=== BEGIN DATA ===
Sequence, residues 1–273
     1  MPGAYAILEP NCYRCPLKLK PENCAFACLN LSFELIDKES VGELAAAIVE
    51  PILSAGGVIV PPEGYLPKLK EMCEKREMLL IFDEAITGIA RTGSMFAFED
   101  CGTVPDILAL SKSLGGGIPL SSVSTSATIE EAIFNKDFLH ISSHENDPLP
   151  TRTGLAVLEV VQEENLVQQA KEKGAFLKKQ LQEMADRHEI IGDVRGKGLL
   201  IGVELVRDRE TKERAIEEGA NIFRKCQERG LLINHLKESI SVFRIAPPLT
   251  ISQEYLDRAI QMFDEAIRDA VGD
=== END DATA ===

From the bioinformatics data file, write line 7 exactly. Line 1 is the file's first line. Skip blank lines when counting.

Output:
   251  ISQEYLDRAI QMFDEAIRDA VGD